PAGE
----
We are already equal
Oct. 29, 2012
by Dale Kovar

We’re in the home strectch of the politcal season and the Minnesota Marriage Protection Amendment is among the current hot topics.

Despite all the rhetoric, the proposed amendment is really about preserving the traditional definition of marriage as being between one man and one woman.

Most importantly, passage of this amendment would be a helpful barrier in keeping politicians and liberal courts from changing the definition on their own.

Simply, that’s all there is to it.

But many voices are out there spreading fear and misinformation to advance their agendas.

One of the common cries is the need for equal rights.

Actually, in these days of numerous anti-discrimination laws, we already have equal rights. All of us citizens have the same rights, as well as restrictions by government what we can and cannot do in our personal lives.

Asking for same-sex marriage is not a matter of obtaining a right that is being withheld; it is a radical law change from what this country was founded upon, and is an attempt to defy biology.

If there is a perceived legal benefit in being “married,” same-sex couples should instead lobby for tax law changes.

For example, eliminate all income tax (no more married filing jointly) and instead have a flat sales tax on everything. That would also accomplish the task of taxing the rich more than the poor – the tax occurs as money is spent instead of earned.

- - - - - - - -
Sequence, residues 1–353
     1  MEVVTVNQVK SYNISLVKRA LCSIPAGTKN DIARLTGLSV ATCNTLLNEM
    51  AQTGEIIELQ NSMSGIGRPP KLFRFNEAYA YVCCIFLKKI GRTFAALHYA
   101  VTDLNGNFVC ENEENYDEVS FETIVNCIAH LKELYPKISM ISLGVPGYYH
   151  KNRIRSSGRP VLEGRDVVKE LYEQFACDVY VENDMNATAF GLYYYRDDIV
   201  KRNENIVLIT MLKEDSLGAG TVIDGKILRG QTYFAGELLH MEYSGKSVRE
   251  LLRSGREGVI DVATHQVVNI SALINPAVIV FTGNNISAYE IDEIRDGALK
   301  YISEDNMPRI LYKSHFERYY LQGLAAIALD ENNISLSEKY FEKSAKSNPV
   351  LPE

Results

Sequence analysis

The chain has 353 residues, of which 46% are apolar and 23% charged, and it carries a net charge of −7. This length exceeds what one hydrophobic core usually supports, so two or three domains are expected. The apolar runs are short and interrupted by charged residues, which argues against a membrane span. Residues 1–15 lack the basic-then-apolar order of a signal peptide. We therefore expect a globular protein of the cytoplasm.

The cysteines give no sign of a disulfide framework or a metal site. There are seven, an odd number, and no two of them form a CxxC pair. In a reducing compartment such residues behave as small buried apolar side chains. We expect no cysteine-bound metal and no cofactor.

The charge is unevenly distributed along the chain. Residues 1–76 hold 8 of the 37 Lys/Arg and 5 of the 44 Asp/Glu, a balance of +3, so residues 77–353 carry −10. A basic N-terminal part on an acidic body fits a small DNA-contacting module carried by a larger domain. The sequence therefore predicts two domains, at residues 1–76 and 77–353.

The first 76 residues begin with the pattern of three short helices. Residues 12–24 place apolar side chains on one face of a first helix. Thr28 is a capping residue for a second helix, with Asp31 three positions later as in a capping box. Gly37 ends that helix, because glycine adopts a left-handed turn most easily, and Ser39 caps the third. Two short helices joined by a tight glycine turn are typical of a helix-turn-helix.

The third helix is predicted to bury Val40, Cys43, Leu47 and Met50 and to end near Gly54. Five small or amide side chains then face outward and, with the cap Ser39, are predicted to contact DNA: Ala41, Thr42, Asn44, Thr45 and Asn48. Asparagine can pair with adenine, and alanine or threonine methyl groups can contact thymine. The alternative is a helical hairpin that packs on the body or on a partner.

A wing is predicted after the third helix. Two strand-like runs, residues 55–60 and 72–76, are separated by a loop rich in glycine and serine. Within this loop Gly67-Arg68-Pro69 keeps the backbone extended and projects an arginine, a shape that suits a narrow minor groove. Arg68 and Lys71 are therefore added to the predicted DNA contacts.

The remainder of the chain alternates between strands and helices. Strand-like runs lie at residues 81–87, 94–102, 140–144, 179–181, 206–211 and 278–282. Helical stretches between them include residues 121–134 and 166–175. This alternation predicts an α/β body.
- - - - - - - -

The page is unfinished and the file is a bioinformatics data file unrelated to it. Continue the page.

If the goal is to have a “loved one” at your hospital bedside, surely that could be accommodated through a registry of some manner. Also, power of attorney and health care directives are wise tools for anyone to use, regardless of martial status.

The medical insurance industry is already messed up to a point where it needs to be re-invented. Defining coverage based on individuals rather than spouses and families could remove the argument of married people benefitting more than others.

Any two people, or group of people, can already own property jointly (no change needed there).

We don’t have to compromise the institution of marriage to make sure that all our citizens, gay or straight, are taken care of fairly.

But to put it bluntly, what can heterosexual couples do that homosexual couples can’t? Reproduce.

Otherwise, they can live together, have sex with each other, pool their finances and resources, and love, support, and enjoy each other’s company. All these are already legal for consenting adults.

Calling them “married” doesn’t change the biological facts. Changing a definition isn’t going to overcome natural boundaries.

So whatever “rights” are awarded to “married” people, our Creator has already put a safeguard in place to protect us from ourselves.

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